We’ll see Jupiter soon. It will be close enough to touch, lined up right below the moon. Maybe we could climb that hill, the one that’s laced with river birch. There’s a clearing, and we’re far enough away from the city (the stars still flicker and melt). We can bring a quilt and some iced tea in mason jars and wait until the sky goes orange, then purple, then black.
And when Jupiter comes, and it shines brilliant and ivory, we can tell one another about how only deadly gases and toxic storms are allowed to live there. That the red spot is violently tempered and unkind. We live Here and not There, for whatever reason that is. And we’ll thank God we live Here, even though Here is sick and shaking. If we lived There, we’d be burnt to crisps and all alone. At least we have rainforests Here; Jupiter never had any at all.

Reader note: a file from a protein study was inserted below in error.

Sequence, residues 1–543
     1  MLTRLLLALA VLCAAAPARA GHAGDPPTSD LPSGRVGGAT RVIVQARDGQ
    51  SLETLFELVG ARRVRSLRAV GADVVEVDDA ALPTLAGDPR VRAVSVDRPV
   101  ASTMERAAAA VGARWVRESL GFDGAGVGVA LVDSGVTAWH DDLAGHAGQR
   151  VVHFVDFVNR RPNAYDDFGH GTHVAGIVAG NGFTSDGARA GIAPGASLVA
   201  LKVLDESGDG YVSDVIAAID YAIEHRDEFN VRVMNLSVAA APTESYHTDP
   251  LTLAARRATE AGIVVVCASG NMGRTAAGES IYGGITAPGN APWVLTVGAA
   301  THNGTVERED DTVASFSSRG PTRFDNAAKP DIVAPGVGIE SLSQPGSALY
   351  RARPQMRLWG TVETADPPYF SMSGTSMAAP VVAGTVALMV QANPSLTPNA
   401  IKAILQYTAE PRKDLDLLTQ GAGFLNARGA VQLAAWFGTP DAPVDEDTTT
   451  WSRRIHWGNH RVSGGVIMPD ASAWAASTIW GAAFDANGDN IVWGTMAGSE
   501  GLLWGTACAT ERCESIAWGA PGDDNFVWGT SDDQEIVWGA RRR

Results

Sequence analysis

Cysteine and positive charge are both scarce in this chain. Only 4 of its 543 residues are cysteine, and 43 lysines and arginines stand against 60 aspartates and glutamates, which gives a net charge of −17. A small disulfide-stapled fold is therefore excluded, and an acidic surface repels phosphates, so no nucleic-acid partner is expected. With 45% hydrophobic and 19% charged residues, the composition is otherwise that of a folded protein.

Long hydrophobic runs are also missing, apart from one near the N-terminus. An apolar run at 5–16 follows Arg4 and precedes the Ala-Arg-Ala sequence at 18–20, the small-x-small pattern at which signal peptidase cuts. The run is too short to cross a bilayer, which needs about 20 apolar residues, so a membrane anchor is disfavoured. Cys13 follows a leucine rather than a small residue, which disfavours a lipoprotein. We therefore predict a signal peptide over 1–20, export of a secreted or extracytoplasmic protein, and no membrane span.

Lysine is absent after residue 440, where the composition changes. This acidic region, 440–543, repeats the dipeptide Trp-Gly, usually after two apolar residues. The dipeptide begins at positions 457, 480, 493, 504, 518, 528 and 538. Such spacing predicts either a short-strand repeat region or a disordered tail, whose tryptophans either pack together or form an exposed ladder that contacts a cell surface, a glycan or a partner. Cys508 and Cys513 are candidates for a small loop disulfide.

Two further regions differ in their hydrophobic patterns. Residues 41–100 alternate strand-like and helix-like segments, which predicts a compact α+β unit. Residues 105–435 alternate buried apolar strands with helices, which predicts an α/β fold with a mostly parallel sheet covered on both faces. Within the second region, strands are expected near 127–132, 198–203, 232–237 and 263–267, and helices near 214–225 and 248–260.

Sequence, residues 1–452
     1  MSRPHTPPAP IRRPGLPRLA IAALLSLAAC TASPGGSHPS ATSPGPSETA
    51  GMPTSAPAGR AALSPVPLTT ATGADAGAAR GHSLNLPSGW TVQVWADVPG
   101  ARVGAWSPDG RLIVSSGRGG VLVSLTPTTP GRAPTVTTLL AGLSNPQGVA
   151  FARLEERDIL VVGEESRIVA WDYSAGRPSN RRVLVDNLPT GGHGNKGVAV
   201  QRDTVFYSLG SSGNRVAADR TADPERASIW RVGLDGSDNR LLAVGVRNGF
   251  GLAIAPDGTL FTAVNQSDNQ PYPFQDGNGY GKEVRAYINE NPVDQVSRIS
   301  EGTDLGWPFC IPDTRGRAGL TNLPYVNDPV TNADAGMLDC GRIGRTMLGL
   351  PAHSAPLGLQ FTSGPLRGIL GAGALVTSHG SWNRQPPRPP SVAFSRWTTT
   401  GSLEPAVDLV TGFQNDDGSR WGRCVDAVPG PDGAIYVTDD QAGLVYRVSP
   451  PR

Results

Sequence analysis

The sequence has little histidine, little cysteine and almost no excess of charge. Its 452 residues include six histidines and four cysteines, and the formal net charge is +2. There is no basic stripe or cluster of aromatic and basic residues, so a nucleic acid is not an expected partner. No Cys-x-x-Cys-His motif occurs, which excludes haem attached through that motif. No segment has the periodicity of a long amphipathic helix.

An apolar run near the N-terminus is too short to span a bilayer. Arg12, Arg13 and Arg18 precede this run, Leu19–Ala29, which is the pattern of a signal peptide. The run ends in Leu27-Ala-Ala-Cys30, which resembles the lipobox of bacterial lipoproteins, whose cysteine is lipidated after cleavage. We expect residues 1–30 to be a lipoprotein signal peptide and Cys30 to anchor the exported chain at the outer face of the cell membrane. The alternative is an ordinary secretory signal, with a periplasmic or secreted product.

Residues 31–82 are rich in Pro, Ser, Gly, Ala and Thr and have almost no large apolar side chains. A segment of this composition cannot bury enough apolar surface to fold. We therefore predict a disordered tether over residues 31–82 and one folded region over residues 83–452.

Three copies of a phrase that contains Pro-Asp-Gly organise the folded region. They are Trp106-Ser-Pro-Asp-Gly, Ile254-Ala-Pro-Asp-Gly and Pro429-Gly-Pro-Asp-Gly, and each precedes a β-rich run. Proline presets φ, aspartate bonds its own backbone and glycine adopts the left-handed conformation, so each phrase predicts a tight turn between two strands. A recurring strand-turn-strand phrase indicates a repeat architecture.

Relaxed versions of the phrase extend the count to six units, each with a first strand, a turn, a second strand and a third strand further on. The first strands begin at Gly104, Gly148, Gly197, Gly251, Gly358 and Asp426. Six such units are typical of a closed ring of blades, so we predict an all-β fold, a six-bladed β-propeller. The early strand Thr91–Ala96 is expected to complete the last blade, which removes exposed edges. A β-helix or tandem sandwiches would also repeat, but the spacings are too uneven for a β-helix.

“Our moon doesn’t have a name, though.” You’ll tell me, your forehead furrowed and your hands tight at your sides. “She’s just up there.”
But listen, please. She’s close enough walk on. And the men who breathed in her dust were able to feel the ink of space pressing down on their skin through their spacesuits, s0 that’s something, isn’t it? Our moon is so poetic that she doesn’t need to be called Io, Europa, Ganymede, or Callisto. We each get to name her whatever we want. So what will you name her?